Shooter upsets Aguirre; Pancrazi, Jones win re-election
There's new blood headed to the state Legislature, along with some incumbents - but whether new or old, local legislators face a tough job ahead.
Yuman Don Shooter, Republican, won his bid in the State Senate race beating incumbent Amanda Aguirre with 53.56 percent of the vote (14,612 votes) with all of district 24's precints fully reporting.
Aguirre, a Democrat, lost her bid for re-election with 41.97 percent of the vote (11,449 votes).
Yuman Jack Kretzer, a Libertarian, received 4.36 percent, or 1,189 votes.
For State Representative, both incumbents are headed back to Phoenix after a tight race with a newcomer.
Democrat Lynne Pancrazi won her seat with 30.36 percent, or 10,887 votes. That was narrowly beating out Yuma Attorney Jon Weil, who lost his first run at elected office with 26.83 percent, or 9,623 votes.
Republican Russ Jones took an early lead and won the second open seat with 42.53 percent, or 15,254 votes.
The Yuma Sun spoke with Jones just before 11 p.m. Tuesday.
And while he may have won another turn in the State House, Jones says jokingly he wishes he could look forward to it.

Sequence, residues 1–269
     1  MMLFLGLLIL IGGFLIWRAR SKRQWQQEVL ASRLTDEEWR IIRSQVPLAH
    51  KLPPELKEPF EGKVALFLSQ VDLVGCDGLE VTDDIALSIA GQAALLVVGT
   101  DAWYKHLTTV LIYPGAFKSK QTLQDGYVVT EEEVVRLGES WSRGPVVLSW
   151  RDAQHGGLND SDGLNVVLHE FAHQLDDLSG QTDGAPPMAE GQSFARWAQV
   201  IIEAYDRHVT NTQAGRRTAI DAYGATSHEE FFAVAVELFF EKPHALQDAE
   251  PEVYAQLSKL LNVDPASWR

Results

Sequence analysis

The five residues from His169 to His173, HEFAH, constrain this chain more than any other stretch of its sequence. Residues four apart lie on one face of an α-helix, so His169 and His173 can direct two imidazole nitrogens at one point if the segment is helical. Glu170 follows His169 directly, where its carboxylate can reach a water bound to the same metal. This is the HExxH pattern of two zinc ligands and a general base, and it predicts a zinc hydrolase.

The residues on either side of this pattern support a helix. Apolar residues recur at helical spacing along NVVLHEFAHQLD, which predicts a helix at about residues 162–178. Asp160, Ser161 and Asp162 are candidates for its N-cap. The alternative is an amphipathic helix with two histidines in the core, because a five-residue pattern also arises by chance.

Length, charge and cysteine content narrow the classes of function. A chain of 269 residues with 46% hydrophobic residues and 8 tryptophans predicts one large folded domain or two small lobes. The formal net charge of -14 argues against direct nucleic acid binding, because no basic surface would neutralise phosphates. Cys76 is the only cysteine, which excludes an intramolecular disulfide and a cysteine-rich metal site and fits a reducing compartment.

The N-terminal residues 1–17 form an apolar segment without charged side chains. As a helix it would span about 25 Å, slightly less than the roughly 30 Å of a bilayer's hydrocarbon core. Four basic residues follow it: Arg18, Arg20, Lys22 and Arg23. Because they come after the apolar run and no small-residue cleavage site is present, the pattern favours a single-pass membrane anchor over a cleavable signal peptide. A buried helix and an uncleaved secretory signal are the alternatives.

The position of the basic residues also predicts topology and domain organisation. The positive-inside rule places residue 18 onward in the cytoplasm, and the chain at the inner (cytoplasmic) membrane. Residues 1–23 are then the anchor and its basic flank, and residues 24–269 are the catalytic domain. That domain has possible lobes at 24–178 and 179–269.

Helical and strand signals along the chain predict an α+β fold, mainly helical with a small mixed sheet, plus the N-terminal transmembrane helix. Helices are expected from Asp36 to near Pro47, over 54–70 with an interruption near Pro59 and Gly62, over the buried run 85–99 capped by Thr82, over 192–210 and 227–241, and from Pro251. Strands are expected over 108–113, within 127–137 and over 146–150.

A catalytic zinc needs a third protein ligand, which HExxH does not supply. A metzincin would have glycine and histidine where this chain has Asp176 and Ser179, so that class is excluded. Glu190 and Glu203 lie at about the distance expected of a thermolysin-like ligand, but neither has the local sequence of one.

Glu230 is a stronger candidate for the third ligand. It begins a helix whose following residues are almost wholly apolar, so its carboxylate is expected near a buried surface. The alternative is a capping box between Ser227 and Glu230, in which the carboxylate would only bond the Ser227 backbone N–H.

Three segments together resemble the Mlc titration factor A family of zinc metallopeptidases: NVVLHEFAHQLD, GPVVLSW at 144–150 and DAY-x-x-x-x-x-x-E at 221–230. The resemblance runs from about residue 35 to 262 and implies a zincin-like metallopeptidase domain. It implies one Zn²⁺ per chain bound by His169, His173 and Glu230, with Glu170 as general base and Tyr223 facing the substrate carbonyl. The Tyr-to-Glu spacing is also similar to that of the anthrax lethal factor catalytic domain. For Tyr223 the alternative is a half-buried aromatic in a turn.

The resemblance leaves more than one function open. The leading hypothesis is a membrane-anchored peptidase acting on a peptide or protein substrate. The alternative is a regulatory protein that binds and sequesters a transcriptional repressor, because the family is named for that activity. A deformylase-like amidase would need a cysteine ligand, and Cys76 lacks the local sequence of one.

That's because state Legislators face a tough year with a large deficit and weak economy.
“My first reaction is I feel great, and I'm very grateful to the voters,” Jones said. “It's kind of a mandate to get back there and ‘do your job.'”
He said the numbers he received are humbling.
“To get numbers like that, I had to get a lot of Independents and others, and I'm very grateful in their confidence in voting for me,” he said.
He said with Proposition 302 looking like it would fail at around 11 p.m., that's just one revenue source that the budget for next year was built upon - and that will mean cuts have to happen somewhere, he said.
“The dilemma we're facing as a Legislature is we don't have those funds for Child Protective Services and other, similar programs,” he said. “I'm afraid that we're going to be facing cuts that are going to be very difficult to do, but nonetheless, it's going to be very necessary.”
Stephanie A. Wilken can be reached at firstname.lastname@example.org or 539-6857.